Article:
There's absolutely nothing wrong with wanting to see justice reign, so there is a lot to agree with the woke on general principle here. But the source justice shouldn't be objectified: justice implies a judge. It implies a standard of fairness. The question then is who decides? Whose standard? Is justice universal? All of these questions will eventually point back to God.
"...all injustice anywhere is interlinked (intersectional), so the battle against injustice is necessarily total; ultimate victory is cosmically ordained by history, though the arc of progress may be long;"
Yes, there will be an ultimate victory, and it is an ordained one – but not ordained by "history". The idea that the history of mankind's acts are somehow oriented by default towards the good is very easy to disprove; any mildly competent review of man's inhumanity to man through the ages will put that quickly to rest. No, the ultimate victory must be God's alone, because only He can bring it to pass. There are none before Him, and none will come after Him. His is the ultimate power, and that is the source of the ultimate victory over injustice. And He has already guaranteed that we can share in that victory by offering His only Son to stand in our place and pay the ultimate price for our many disobediences. Our future is absolutely set, whether we place our souls in His hands, or continue to choose to disobey, as in the Garden, and cast ourselves out of His presence permanently.
A conversation might begin with a reading of Dr. King Jr's "I Have A Dream" speech together. The belief that history "bends towards justice" is a common misconception. Progress isn't at all inevitable, things can devolve into warfare just like they can progress into peace. It takes work and action to move in a positive direction. Christianity above all deals with "hard" realities such as the true nature of sin and what it takes to defeat it. Social injustice pales in comparison to the larger themes of eternal injustice, but the instinct to want things to be set to rights is a good one.
"...moral virtue and true right to rule is determined by collective status within the oppression-oppressed dialectic;"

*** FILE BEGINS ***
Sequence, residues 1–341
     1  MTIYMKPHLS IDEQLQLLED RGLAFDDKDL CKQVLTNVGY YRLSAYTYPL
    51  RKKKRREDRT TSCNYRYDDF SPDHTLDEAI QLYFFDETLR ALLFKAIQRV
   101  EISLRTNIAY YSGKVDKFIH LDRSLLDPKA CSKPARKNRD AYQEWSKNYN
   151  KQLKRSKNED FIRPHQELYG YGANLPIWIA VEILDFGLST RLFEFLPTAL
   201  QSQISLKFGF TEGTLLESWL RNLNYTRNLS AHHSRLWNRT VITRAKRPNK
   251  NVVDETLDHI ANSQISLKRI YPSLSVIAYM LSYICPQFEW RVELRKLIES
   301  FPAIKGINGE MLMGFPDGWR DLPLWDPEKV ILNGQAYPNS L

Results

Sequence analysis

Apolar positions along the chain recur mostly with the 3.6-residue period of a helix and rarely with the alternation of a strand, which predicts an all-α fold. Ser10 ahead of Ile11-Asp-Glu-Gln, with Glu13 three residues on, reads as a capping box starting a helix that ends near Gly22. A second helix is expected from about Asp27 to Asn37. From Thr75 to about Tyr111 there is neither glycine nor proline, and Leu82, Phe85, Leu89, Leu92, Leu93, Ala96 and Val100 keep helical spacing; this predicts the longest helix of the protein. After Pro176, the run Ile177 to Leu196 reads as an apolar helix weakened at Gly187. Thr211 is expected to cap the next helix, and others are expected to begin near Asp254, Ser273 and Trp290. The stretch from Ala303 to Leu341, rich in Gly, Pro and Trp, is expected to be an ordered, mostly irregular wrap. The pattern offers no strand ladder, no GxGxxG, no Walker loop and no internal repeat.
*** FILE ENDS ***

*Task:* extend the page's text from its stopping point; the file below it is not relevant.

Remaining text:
The true source of moral virtue is God Himself, not ourselves. But we have chosen to follow our own way, to be separated from Him. The only way we can obtain true moral virtue now is through God's grace, it is literally a gift of forgiveness straight from heaven above. The proper frame of heart for the believer is humbly kneeling at the cross praying, "God have mercy on me, a miserable sinner." This grace is a source of great joy and relief to the Christian.
By contrast, the woke are in constant competition with one another over who can claim the high ground of moral virtue. The entree to this topic is to simply to ask the question, "Are you at peace?" Are you angry all the time? Do your beliefs drain you emotionally, or fill you up?
"...the first step to liberation can be achieved through acquisition of the hidden knowledge of the truth of this dialectic; a select awoken vanguard must therefore guide a revolution in popular consciousness;"
Christianity certainly has had its share of heresies, many of them centered around supposedly "hidden" knowledge of the truth. Fortunately, however, we not only have excellent translations of God's written Word, but we also have the indwelling Holy Spirit who guides us and watches over us. Each of us is God's "personal project", so to speak. There is no need for a select awoken vanguard, every Christian is of the Elect.
This is likely a very difficult topic to broach with the woke, because it cuts to the ego. Who wouldn't be especially proud of being among the vanguard, awoken, a possessor of hidden knowledge, a guide to the lost? The New Testament's descriptions of the Pharisees and Scribes are remarkably similar.